How autistic fruit flies behave

How autistic fruit flies behave

Posted by Gonny Smit on Thu 26 Feb. 2015 - 3 minute read

The number of children with developmental disorders such as autism spectrum disorder (ASD) and attention-deficit hyperactivity disorder (ADHD) has increased exponentially in the past 20 years: one out of six children in the US now suffers from a developmental disability. Of course some might say this sharp incline is due to better diagnostics and increased awareness; but whether or not this is the case, such a high prevalence is concerning. And since the environment is considered a strong contributor, chemicals such as BPA have been under investigation lately.

BPA and developmental disorders

BPA (bisphenol A) is a chemical used in plastic containers and the lining of food and beverage cans, meaning that a lot of us are exposed to it on a daily basis. BPA has been suggested to play a role in developmental disorders such as ASD. Thousands of studies have investigated the effects of BPA on rats, mice, monkeys, and zebrafish. Far fewer studies have been done with Drosophila melanogaster, which, according to Kulbir Kaur and colleagues, is a shame.

Autistic fruit flies

Drosophila melanogaster, or fruit flies, have little in common with humans…right? Surprisingly, many fruit fly genes are similar to human genes for normal cognitive functions. They exhibit complex behaviors relevant to humans. In addition, they are easy to maintain and reproduce quickly and in large numbers, giving them a significant advantage over rats and mice in research studies. In this study, Kaur et al. combined several behavioral assays evaluating autism-related impairments to examine the effects of BPA and evaluate the fruit fly as a model for developmental disorders.

Altered movement patterns

Fruit fly behavior was monitored with EthoVision XT, tracking the center point of the fly for 5 minutes and monitoring mobility according to pixel changes in the video image. Fruit flies that were exposed to BPA early on in life displayed disturbances in locomotion patterns that may relate to the decision-making and motivational state of the animal. BPA treated flies showed no difference in walking speed (velocity) or movement. Interestingly, the distance traveled was lower due to BPA.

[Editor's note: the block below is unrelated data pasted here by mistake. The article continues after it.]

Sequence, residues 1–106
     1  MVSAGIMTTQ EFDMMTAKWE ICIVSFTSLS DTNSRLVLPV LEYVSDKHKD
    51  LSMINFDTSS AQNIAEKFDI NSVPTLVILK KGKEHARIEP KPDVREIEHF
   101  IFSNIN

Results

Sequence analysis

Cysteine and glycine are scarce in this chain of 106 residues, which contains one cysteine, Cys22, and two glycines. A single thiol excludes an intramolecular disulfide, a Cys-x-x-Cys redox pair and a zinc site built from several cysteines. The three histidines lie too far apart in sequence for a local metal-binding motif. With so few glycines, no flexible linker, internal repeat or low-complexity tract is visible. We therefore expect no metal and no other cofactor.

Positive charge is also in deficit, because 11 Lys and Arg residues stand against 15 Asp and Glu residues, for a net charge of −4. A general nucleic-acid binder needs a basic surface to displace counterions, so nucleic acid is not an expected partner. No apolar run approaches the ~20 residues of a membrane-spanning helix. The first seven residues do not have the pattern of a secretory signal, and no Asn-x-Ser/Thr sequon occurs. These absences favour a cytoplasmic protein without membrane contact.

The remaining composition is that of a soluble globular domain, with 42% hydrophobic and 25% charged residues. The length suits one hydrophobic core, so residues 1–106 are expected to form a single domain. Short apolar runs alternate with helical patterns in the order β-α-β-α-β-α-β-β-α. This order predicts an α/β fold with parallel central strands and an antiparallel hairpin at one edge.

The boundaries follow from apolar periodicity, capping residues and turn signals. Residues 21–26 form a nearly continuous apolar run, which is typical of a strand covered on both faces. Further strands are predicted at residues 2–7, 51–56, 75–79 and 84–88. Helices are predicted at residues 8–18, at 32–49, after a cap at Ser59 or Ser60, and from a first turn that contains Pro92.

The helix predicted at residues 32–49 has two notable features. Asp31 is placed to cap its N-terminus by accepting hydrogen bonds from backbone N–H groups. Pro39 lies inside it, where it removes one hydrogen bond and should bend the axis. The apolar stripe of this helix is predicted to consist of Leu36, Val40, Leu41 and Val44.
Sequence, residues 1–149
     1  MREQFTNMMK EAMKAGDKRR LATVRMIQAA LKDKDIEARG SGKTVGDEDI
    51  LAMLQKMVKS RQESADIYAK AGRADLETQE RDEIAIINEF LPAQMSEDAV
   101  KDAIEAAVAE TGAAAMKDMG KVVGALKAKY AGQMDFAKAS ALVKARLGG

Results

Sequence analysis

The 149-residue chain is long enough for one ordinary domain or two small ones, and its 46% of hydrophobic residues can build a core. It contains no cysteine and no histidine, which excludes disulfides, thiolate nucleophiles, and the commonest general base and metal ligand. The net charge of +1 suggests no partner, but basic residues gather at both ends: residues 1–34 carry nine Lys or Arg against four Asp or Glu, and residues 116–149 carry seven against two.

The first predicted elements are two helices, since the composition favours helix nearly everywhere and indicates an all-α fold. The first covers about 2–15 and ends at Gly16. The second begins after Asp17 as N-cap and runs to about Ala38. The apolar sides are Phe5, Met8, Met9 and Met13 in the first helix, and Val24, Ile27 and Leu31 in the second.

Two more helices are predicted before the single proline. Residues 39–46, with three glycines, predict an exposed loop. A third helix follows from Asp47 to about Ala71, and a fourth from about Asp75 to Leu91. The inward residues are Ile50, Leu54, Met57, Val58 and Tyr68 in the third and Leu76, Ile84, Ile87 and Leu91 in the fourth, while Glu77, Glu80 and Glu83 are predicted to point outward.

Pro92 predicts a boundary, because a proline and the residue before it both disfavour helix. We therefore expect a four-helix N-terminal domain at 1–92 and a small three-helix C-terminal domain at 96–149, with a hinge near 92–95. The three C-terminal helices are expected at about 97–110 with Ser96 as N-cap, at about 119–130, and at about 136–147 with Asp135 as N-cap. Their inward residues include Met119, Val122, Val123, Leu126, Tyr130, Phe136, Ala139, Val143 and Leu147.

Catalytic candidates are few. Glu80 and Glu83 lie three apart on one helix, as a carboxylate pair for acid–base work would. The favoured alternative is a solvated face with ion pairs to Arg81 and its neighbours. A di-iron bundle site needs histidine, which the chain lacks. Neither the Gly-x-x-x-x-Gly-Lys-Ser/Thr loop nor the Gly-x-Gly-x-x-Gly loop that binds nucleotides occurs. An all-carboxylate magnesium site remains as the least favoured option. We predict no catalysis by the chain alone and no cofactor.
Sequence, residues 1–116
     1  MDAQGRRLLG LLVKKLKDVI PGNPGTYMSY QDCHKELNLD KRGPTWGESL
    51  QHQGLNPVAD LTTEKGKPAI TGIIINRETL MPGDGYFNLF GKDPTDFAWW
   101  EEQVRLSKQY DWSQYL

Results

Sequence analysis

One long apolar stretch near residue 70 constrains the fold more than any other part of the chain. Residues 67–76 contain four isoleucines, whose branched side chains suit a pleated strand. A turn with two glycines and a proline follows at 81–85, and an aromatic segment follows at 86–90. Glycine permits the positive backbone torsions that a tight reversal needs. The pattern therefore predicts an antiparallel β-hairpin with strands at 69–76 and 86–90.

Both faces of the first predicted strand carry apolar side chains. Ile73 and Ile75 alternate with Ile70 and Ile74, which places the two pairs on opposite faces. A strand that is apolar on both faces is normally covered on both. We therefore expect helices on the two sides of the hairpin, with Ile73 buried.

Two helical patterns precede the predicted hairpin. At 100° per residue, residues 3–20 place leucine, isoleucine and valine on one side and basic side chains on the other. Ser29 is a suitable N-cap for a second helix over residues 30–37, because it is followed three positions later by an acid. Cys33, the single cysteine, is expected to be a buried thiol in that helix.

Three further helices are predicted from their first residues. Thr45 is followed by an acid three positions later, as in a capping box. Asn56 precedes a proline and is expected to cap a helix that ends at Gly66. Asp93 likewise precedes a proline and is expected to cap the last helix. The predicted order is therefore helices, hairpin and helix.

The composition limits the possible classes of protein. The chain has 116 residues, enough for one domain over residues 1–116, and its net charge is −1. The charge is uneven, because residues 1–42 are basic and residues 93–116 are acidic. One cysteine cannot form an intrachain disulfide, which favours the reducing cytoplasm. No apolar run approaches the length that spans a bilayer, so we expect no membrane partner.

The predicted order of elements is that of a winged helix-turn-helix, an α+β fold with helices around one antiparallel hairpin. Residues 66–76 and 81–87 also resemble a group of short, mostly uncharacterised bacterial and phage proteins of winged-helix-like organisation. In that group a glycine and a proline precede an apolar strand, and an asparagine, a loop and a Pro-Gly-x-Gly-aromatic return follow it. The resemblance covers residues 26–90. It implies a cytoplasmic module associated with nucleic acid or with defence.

Clean as a fly

The monitored changes on pixel level revealed that the small body movements (while the fly was staying in place) were increased in the BPA treatment group. When scoring grooming episodes from the same video recordings later, researchers could correlate these repetitive movements with an increase in grooming in the BPA flies.

Poor decision making

In their natural environment, flies constantly change direction in response to external cues such as food availability and predation risks. To quantify these behaviors, turn angle, angular velocity, and meander were used to assess change in direction and tortuosity. A small turn angle, for example, can indicate the immediate decision of a fly to change direction in response to something that it noticed in the environment. BPA treatment increased this angle, indicating a reduced ability of the fly to process and respond to changes in the environment. The authors draw a parallel here to the difficulty that ASD patients have in decision-making. BPA flies also showed more meandering, indicating they constantly reoriented themselves.

Personal space

Flies have a normal social space of about two body lengths, just like many other animals. Previous studies have shown that social isolation has a number of consequences for fruit flies, such as a decrease in their functional equivalent of the hippocampus (the mushroom bodies) and an increase in aggression. Hence, social behavior is recognized to be an important part of their everyday behavior. Kaur et al. found that BPA-exposed flies did not seem to care for personal space, clustering close together instead of maintaining a respectable social distance.

The model fly

With this research, Kaur and his colleagues both demonstrated some of the negative effects of BPA and argue the practically and validity of using fruit flies as an alternative model organism to rodents in the investigation of developmental disorders with a strong behavioral component.

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Kaur, K.; Simon, A.; Chauhan, V.; Chauhan, A. (2015). Effect of bisphenol A on Drosophila melanogaster behavior – a new model for the studies of neurodevelopmental disorders. Behavioural Brain Research, article in press, doi: 10.1016/j.bbr.2015.02.001.

Read more about the fruit fly as a research model in this blog post

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